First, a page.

Electro-Mechanical Folk Art

By Lawrence Harman, Albuquerque, NM

What does a retired bus mechanic with an artistic inclination do when retired? Well, if he is Lawrence Harman he may work on rebuilding railroad steam engines. Or he may repair a vintage firetruck, which is another story.

 

 

 

 

 

 

 

 

 

 

 

 

 

 

 

 

 

 

Firetruck in the NM State Fair Parade 

 

But when he’s at home, he may work on smaller works of what he calls electro-mechanical folk art. Here is a tour of his home gallery.

 

 

 

 

 

 

 

 

 

 

 

 

 

 

 

 

 

 

 

 

 

 

 

 

 

 

 

 

 

 

 

 

 

 

 

Self Test

 

“Self Test” was among the first. Here’s Lawrence’s account.

 

At the time, I was regularly cruising metal recycling or scrap yards sometimes looking for something specific for my mechanical creations -- an electric car, skid steer, tow boats – and sometimes looking for anything that was interesting. One of the things I bought was probably from Sandia Labs, a calibration and operating paneling for an industrial process, on a pull-out tray with all kinds of tubing and gauges and valves. All kinds of cool stuff. 

Playing around with a bunch of old gauges, thinking I could use them for diagnostic purposes on other machinery I worked on, it turned out most of them had an operating range way outside of the things I’d be working on, for example, millivolts or micro volts rather than volts.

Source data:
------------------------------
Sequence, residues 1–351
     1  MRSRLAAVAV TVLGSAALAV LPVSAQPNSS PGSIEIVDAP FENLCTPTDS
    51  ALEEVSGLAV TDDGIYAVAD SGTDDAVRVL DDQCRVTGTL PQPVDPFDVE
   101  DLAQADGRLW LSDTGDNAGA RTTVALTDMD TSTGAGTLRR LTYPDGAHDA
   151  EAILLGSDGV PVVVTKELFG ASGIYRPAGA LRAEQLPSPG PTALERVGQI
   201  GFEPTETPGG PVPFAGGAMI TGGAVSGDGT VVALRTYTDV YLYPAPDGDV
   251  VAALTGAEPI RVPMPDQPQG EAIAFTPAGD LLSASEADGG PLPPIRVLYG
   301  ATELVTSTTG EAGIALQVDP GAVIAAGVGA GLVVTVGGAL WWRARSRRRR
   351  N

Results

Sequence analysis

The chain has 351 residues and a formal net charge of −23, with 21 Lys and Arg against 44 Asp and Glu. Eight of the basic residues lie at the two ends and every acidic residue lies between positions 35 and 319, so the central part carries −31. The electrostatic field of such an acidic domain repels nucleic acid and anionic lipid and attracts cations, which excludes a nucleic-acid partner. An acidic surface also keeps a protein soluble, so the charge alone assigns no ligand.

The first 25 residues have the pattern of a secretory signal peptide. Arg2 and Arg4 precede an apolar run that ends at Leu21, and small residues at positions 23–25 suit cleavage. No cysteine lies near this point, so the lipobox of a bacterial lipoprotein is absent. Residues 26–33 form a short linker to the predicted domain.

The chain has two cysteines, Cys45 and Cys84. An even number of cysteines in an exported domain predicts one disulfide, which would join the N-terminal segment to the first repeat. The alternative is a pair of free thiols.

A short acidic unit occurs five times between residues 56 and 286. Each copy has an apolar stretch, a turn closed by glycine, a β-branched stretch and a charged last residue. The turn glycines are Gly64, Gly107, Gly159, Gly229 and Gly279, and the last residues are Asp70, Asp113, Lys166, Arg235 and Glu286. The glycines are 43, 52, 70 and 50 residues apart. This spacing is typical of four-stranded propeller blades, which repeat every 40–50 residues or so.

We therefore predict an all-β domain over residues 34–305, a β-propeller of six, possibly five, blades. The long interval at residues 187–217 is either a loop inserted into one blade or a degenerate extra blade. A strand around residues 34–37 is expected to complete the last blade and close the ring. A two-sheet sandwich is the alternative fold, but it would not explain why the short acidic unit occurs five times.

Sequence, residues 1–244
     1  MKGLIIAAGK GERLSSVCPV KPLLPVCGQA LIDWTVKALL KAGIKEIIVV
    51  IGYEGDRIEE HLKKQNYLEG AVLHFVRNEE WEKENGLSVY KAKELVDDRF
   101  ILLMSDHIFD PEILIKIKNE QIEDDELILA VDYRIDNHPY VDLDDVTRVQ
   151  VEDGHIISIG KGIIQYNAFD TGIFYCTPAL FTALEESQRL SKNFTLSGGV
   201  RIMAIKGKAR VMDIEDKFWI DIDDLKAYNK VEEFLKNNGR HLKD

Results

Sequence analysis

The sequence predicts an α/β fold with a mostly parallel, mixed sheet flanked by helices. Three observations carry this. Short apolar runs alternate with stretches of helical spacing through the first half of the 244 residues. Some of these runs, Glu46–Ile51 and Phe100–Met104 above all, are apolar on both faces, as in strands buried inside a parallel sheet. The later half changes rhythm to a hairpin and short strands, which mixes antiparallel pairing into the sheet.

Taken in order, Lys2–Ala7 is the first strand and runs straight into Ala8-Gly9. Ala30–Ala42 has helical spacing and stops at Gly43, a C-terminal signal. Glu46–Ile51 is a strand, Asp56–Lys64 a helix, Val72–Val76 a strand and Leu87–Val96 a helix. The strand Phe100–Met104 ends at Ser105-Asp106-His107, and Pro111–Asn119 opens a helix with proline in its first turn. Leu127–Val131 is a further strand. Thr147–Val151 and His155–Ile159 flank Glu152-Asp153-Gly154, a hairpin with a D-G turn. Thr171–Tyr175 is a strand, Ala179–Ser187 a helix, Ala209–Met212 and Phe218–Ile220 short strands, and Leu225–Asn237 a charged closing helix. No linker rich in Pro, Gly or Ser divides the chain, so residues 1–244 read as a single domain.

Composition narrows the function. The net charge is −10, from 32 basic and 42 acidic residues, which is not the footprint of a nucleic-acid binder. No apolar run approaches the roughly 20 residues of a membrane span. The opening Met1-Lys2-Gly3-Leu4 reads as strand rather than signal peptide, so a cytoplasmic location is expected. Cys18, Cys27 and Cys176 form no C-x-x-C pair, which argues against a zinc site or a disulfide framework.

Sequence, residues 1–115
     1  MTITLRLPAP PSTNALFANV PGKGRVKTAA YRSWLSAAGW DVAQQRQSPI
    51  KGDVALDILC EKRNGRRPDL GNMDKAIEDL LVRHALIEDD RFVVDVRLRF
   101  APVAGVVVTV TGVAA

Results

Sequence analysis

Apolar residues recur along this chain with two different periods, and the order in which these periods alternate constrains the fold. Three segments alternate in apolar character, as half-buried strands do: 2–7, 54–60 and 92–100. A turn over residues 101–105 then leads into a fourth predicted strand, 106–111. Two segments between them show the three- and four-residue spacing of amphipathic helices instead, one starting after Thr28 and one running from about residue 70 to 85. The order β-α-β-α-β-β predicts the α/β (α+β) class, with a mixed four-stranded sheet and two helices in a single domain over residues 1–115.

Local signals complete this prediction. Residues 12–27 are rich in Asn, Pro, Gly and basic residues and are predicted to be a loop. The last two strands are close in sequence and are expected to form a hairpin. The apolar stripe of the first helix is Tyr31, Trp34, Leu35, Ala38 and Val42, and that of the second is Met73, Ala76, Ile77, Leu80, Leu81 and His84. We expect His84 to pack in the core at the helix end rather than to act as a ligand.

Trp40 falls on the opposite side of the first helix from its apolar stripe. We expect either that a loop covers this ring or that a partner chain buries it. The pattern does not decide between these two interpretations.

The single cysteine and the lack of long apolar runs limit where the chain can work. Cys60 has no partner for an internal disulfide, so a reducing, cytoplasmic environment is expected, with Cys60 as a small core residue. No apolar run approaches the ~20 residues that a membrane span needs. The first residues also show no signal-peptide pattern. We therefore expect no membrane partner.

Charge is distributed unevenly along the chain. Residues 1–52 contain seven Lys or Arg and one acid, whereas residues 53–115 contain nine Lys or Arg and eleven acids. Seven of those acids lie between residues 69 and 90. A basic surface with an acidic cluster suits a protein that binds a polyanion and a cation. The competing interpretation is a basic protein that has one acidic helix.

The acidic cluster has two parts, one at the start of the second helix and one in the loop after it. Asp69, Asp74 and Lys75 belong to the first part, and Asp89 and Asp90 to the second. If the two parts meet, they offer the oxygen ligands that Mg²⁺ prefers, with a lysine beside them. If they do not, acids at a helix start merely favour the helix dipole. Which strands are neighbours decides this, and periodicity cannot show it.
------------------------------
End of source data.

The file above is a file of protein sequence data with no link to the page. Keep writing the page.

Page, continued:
I decided to do something with the gauges and designed a “self test.” A small battery in the back connects the switch in front to one of the gauges. The “subject” takes the wires, one in each hand, flips the switch on the front panel, and finds the gauge that’s working. The wires don’t actually go anywhere.  The gauge does move, but it has nothing to do with you.  An important life lesson. 

I built a nice frame for it, ready for someone’s collection.

 

 

 

 

 

 

 

 

 

 

 

 

 

 

 

 

 

 

 

 

Busy Work I - Front


This was an effort to use up some of the stuff I’d collected. I always bought more than I needed for a specific project. If I needed one switch, I’d get two or three. All Electronics, a surplus store in Oxnard, CA, was my go-to store for switches, wires, and relays at scrap prices. I decided to put some of the spare parts up on a board - simple busy work. 

The panel indicator lights are normally used to tell you that there’s a problem or that something is on. Each light is turned on by a switch, which then operates a relay, which operates something else. The fan, upper left, is the cooling fan for a desktop computer. It’s programmed to say “Hello, Otto,” to our son.  

That’s it. Flip the switch, turn the light on. This does take a lot of “spaghetti wiring” along the back with no attempt at organization.

 

 

 

 

 

 

 

 

 

 

 

 

 

 

 

 

 

 

 

 

Busy Work I - Back

 

Component parts include two strips of panel lights along the blue and orange tapes; relays of various types (“ice cube,” automotive, and open relays); switches; a cell phone vibrator motor; a battery holder; a voltmeter; and a cooling fan for a large desktop computer. V is an old Delco-Remy relay, which was a division of General Motors (Code # 781). This came from a forklift I was repairing for the Cumbres and Toltec Scenic Railroad that operates along the NM-CO border..